I was asked recently if I'd continue blogging now that we've moved and the renovations are done.  I dare say that we found the former glory in our old house, and in that sense my mission has been complete.  However, if you've read my updated "About this blog" section, you'll see that my search has expanded beyond just renovating that house.  I'm looking for former glory in the ideals of home and family in our society that has begun to devalue both.  I'm seeking the former glory of a lifestyle/career choice that is no longer popular or particularly respected for a college-educated woman.  I've even begun to convince Justin of my crazy ideas that an old, tired house is far more fun to buy than a beautifully renovated "turn-key" one, so we'll hopefully have plenty more renovation projects to share as well.  We'll still be searching for former glory, and I hope you'll still be following along as I document the journey on all of those fronts...

*Side note for anyone who knows the "dishes" back story, my editor Justin would like me to share that this family happens to have some of the exact Corelleware dishes that he had in his bachelor apartment.  And I'm enjoying using them.


  1. As I'm packing up our things I'm finding it hard as well. Even though I know I'm packing so we can set up a more permanent home, it's so hard to take down the pictures and curtains and things I put up to make this little place more homey. So I hear you on that one. It's so hard and so against what my "job" is every day.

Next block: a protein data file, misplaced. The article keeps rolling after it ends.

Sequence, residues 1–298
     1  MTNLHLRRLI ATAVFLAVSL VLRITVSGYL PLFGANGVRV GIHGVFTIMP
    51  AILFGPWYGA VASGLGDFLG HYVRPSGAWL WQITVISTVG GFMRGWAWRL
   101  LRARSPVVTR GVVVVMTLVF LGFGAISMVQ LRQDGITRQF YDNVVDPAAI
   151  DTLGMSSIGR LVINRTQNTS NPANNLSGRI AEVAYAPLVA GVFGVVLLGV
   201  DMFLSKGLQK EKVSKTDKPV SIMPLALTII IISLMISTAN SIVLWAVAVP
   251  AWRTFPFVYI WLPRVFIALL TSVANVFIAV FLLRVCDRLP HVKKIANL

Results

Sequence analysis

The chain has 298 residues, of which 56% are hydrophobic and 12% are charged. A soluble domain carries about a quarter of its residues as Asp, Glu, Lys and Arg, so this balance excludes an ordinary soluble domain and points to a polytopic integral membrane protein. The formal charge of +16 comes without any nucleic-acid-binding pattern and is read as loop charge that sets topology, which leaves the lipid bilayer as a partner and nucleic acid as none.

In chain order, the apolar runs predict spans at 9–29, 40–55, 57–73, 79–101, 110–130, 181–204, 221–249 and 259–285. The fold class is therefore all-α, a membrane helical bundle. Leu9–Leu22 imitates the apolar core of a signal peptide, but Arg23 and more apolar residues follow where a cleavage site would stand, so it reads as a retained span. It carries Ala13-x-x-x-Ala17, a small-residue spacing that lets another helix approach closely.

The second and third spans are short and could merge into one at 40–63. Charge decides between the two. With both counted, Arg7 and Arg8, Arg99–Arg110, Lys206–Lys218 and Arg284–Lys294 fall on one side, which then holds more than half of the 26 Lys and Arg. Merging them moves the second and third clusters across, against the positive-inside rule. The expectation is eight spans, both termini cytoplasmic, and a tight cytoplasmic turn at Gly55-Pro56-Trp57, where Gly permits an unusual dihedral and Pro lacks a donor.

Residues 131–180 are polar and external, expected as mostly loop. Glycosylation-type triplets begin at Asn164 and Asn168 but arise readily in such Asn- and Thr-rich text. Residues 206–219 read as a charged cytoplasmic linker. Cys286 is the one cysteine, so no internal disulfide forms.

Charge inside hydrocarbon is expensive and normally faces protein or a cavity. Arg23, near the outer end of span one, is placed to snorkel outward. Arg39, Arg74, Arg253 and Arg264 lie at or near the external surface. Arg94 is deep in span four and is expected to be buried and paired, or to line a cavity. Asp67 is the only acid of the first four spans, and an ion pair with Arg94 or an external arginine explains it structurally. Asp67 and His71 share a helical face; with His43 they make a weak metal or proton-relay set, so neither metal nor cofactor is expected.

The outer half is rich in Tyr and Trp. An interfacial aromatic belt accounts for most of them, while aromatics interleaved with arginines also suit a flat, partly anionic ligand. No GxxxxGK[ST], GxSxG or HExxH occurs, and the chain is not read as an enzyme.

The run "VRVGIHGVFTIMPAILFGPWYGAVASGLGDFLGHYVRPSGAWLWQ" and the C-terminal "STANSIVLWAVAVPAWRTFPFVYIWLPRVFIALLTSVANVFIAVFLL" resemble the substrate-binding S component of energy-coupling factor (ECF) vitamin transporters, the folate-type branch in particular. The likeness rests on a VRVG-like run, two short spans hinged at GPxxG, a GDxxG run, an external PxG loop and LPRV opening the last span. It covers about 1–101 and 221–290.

Your new living situation sounds lovely :-) I can't wait to see more pictures!

    Also, I'm glad you're continuing your blog, I really enjoy reading your posts :-)

  2. Oh man, you're going to miss those big kids once they're gone! The living situation sounds awesome though - I'm glad you have somewhere nice to stay while you wait to find the perfect house :)

  3. It seems that you have come to a crossroads, straddling between impermanence and having a home to call your own. I’m sure there's a home waiting for you out there, with a reasonable price and all. Anyway, best of luck with the search! For now, you can make the most out of your current arrangements, and work on achieving your desired goals. Good luck!

    Benny Daniel @ Finlay Brewer